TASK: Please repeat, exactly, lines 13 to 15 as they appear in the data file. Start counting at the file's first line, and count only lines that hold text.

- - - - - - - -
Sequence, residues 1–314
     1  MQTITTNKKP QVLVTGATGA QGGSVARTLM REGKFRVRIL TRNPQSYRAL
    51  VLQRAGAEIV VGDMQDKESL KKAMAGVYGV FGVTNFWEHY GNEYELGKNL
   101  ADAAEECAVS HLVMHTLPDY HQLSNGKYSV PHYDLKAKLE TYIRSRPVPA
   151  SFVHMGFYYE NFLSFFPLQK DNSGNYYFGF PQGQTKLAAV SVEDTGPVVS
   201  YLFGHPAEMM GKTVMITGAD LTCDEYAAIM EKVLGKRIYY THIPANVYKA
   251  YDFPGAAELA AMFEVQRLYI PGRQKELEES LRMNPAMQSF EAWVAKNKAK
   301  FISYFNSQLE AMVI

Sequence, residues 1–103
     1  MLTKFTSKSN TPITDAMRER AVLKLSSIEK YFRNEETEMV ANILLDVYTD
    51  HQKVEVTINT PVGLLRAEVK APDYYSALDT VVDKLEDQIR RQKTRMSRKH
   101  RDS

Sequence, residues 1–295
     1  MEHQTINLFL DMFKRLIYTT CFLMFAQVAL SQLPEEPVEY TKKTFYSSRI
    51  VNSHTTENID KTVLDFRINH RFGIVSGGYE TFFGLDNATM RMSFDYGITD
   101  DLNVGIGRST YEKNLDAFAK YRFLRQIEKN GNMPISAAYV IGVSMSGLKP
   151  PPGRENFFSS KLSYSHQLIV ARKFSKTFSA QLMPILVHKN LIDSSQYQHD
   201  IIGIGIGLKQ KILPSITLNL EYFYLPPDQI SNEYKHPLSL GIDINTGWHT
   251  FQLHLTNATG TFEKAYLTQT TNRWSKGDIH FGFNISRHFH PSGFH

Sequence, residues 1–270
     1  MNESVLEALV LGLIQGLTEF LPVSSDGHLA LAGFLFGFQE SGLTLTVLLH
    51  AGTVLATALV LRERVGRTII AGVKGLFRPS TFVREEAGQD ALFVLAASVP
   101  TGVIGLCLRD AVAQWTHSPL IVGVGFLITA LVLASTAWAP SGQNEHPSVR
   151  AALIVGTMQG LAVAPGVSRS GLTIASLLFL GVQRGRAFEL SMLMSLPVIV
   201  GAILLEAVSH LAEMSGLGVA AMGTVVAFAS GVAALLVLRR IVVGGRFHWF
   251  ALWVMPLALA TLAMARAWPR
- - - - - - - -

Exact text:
Sequence, residues 1–295
     1  MEHQTINLFL DMFKRLIYTT CFLMFAQVAL SQLPEEPVEY TKKTFYSSRI
    51  VNSHTTENID KTVLDFRINH RFGIVSGGYE TFFGLDNATM RMSFDYGITD